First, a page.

Before beginning any work whatsoever, I've had to create a suitable environment in which to do this project. I've learnt the hard way that you really need a dedicated area in which to do any kind of long term project or you'll spend most of your time setting up, packing down, and searching for things rather than concentrating on getting a good quality result.
After moving house late last year, I had the pleasure of having a 37' x 16' wooden shed to do with as I needed. It has taken several months of hard work from me, my wife and our housemates (thankyou all...) to covert this uninsulated leaking damp gloomy shed into a modern workshop (19' x 16'), office (16' x 16') and storeroom. Ok, so maybe it wasn't that bad to start with, but we have so far needed to:
As if that weren't enough - I've still got to:
And this all has to be done soon. I've ordered the Mojo kit and it will be ready in approximately 6 weeks time!
Exterior before and after:
Some progress... I've finished plasterboarding and the last week has consisted of filling and sanding, more sanding, some filling followed by some sanding, and then more sanding. The first coat of white emulsion has also now been painted on to help seal the plasterboard before the top coat goes on.
For the top coat, I'm using a kitchen & bathroom paint to make future cleaning that little bit easier, and I aim to get this on over the next few days.
I've also located a source of suitable flooring. It's a 10mm thick layer of recycled tyre rubber shreds that have been compressed into a large mat. Essentially, it's the same stuff as you find on kids playgrounds and should help with both comfort and noise when the workshop is up and running.
Well the painting is complete in varying shades of grey and work has started on the ceiling... A layer of 4" rockwool was pushed into the gaps between the ceiling joists (in 28 degree heat by my housemates!), followed by 20mm thick sheets of celotex insulation. The difference in temperature between the workshop and the room next door (office) is easily felt with this insulation in place since it prevents the flat roof acting as a giant radiator - well worth the effort.
Several different ways of decoratively hiding the Celotex were considered - polystyrene tiles (expensive), wallpaper (nasty), paint (messy) but I've eventually ended up covering the entire ceiling with black and white photographs of people and places that have featured in my life. Who says that 30-something is the age of being nostalgic?! IMHO, it looks better than it sounds - see the images below for work-in-progress.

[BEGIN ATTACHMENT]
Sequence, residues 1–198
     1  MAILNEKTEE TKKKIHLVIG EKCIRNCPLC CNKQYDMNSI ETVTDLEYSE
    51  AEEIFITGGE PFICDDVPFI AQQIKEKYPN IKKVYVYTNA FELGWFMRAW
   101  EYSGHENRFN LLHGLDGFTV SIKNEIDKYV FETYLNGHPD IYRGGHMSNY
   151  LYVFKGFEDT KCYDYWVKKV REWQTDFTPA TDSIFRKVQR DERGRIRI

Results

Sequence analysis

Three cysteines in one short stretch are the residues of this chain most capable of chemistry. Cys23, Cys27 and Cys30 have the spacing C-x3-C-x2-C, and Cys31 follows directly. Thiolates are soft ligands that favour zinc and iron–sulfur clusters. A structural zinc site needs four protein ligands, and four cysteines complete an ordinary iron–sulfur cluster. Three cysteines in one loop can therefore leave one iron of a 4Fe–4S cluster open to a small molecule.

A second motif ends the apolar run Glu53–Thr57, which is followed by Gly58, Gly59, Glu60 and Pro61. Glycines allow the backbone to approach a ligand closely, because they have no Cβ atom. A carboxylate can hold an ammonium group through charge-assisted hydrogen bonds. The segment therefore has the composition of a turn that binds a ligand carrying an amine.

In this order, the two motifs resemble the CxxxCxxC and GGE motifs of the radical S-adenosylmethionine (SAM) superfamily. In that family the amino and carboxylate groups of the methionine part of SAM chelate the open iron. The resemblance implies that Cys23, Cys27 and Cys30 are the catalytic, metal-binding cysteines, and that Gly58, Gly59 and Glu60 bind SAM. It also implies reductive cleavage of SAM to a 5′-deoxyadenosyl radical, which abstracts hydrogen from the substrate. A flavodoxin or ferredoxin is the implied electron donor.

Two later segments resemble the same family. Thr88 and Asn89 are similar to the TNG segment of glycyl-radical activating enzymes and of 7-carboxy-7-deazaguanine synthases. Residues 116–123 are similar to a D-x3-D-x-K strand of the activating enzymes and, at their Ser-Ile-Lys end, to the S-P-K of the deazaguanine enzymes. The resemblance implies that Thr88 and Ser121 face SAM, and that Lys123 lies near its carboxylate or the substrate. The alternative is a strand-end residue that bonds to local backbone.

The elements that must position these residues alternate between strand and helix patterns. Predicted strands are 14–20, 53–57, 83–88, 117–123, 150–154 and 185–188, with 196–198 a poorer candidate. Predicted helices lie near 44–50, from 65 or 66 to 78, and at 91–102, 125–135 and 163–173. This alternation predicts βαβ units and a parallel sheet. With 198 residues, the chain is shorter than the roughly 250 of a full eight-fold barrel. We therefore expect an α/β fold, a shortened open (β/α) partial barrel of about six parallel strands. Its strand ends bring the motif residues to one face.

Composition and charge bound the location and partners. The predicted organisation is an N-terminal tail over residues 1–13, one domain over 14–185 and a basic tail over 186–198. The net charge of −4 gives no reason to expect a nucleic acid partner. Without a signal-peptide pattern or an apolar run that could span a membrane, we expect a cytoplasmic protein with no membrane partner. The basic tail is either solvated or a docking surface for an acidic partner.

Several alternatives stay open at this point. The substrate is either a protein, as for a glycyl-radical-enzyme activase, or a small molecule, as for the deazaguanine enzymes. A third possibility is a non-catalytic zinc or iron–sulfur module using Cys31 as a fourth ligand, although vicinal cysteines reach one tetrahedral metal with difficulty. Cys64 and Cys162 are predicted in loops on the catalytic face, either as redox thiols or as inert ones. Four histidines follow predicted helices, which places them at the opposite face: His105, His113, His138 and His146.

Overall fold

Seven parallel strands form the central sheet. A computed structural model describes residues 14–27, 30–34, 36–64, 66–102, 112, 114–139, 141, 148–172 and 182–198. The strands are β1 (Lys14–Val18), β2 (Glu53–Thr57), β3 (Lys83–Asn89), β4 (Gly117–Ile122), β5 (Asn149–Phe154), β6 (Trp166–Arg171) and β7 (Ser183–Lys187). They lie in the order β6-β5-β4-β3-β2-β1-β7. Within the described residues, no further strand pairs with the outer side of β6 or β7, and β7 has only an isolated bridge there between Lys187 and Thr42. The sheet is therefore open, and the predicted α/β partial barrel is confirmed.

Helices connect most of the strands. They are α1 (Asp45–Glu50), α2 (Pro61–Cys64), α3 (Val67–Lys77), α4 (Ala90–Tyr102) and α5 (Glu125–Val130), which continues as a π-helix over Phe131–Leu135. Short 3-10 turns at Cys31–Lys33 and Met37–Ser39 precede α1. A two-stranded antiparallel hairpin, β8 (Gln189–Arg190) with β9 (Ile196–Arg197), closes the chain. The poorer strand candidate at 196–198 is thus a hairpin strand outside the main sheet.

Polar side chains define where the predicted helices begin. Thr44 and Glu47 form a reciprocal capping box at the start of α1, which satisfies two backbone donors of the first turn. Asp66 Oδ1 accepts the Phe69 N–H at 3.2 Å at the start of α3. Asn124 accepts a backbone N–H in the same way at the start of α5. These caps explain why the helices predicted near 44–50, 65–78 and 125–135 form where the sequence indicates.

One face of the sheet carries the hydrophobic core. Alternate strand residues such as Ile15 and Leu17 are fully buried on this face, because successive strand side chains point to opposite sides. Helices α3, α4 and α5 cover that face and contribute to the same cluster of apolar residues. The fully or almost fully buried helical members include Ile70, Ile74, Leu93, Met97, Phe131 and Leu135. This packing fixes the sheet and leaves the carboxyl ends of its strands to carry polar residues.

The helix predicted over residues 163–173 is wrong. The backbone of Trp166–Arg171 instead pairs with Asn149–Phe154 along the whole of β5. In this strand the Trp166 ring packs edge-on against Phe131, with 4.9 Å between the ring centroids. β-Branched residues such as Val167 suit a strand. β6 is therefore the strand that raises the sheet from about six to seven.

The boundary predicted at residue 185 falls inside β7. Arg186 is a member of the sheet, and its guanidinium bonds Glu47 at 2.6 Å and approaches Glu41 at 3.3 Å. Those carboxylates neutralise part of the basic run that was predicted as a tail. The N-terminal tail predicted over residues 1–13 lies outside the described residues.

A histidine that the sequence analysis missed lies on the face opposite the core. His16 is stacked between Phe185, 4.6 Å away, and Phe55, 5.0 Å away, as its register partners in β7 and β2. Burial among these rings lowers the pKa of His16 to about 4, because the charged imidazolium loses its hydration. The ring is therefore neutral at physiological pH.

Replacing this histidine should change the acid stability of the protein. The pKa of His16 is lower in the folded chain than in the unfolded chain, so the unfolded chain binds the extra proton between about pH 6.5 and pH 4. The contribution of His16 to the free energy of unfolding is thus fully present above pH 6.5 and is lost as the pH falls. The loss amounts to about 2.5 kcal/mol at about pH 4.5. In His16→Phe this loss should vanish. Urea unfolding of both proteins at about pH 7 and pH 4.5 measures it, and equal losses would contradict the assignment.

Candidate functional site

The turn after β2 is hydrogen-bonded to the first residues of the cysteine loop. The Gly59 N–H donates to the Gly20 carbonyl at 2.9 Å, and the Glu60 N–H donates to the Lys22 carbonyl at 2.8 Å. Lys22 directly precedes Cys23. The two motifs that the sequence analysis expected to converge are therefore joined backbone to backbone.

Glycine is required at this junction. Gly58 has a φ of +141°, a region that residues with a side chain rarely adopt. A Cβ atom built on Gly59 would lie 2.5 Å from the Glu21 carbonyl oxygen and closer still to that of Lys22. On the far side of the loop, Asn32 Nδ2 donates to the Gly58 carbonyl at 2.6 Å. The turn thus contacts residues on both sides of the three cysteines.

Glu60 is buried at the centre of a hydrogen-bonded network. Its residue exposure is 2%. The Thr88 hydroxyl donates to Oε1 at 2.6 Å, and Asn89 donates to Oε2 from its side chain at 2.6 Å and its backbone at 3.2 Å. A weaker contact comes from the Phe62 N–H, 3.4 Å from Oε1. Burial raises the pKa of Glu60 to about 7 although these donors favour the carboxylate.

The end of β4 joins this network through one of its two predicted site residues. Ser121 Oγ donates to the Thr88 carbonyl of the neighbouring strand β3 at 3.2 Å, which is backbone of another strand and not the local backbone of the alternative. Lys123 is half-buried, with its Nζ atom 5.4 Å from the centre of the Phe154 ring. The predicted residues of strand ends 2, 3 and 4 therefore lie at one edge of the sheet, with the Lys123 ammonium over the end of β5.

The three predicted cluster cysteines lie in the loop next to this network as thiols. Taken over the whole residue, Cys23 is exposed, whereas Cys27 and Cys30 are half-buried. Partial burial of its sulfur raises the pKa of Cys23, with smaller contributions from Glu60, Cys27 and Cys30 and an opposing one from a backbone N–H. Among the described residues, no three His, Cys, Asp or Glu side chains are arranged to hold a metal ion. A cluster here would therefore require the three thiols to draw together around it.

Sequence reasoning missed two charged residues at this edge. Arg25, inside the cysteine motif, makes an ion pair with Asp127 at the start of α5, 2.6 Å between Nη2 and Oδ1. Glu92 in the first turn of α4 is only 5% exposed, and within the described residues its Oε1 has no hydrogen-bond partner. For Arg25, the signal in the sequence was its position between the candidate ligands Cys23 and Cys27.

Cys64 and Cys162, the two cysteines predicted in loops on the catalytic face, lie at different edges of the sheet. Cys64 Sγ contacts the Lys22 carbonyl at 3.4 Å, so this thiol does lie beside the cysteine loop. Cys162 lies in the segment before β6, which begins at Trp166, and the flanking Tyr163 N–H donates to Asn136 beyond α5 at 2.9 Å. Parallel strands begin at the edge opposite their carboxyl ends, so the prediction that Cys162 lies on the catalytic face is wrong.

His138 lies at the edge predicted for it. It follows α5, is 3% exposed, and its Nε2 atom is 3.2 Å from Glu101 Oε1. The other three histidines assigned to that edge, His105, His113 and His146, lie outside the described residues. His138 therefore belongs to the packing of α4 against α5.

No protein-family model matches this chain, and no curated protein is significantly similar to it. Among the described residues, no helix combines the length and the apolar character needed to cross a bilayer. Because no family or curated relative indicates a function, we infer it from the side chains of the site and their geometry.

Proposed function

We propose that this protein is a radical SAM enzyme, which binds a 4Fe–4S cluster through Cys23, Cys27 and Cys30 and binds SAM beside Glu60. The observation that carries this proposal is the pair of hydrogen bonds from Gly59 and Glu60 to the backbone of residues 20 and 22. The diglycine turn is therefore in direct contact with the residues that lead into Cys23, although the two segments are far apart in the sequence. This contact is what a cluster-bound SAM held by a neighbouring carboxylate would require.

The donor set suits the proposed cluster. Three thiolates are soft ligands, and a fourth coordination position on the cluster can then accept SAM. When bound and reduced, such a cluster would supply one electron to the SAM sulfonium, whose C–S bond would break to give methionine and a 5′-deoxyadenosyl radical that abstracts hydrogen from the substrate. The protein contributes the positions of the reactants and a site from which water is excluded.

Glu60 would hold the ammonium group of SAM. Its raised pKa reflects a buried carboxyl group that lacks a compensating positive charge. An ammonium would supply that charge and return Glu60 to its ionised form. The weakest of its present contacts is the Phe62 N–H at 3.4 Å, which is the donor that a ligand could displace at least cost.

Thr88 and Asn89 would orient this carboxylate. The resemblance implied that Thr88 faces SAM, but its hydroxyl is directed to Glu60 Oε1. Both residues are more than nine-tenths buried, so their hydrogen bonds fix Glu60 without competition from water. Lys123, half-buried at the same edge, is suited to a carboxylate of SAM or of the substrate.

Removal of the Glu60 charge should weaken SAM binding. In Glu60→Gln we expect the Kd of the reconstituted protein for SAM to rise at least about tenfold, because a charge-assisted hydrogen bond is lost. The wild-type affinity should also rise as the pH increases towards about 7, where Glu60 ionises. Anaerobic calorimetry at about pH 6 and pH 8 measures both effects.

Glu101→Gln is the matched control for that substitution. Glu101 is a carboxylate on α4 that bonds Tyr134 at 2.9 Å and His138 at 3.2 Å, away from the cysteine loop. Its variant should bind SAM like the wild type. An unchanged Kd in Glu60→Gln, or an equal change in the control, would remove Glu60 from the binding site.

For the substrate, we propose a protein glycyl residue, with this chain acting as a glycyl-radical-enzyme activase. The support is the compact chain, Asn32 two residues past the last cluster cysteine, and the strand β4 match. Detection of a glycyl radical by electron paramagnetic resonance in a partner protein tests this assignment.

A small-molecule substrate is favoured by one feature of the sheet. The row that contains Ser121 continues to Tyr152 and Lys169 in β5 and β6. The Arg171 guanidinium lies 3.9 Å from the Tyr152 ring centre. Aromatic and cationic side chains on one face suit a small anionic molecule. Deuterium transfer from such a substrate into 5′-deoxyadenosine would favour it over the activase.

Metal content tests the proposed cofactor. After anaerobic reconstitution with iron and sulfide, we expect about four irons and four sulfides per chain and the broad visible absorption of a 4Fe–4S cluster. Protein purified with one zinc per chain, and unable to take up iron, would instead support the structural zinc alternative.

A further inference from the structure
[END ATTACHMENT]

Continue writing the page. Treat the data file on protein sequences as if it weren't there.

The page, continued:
Oh - and the provisional date for collection of the Mojo kit is in 13 days.... <gulp>
A weekend of concentrated effort from everyone has resulted in:
In all the ceiling has taken over 500 photographs (A4) to completely cover, all held up with standard wallpaper glue!
The wiring is a full ring main using 2.5mm2 T&E feeding a total of 18 13A sockets. With previous workshops, I've found that there is never enough sockets, or there is never one quite where you need it to be, so for this installation I decided to fit a double socket at 4 foot intervals all around the room. They've been fitted approx 1.4M from floor level since this is a convenient height to reach and it allows me to chop and change benches/toolchests/furniture etc without a socket being in the way. Well, at least that's the idea - and if it doesn't work out then I'll blame my cat 'Bovril' who aided me throughout the decision process by taking up residence in the workshop and snoring at a suprisingly high volume.
The flooring is the previously mentioned 8mm recycled tyre shreds which I must admit went down considerably more easily than I had feared! Having my wife and housemates on call to help move, cut, stick and hold down the sheets during this process inevitably helped - this is not something that would be easy to do on your own! The rubber has managed to take out the vast majority of the uneveness of the concrete floor, and it's now much more comfortable both on the feet and the knees! This flooring is quite hard to cut and now I think that I should've bought some shares in the company that makes Stanley knife blades before starting this...
So - we're nearly there now... just some skirting to do (aluminium checkerplate effect vinyl tiles... watch this space) and a door or two to fit and the workshop will be habitable. Good news really since the kit collection is now only 7 days away and I haven't even started sorting out the donor parts I need to take with me yet!
After a bit of furniture moving and some finishing touches, the workshop is ready at last! The refurb work on the donor parts has started, and now I'm just waiting for the phone call to say the kit is ready to collect...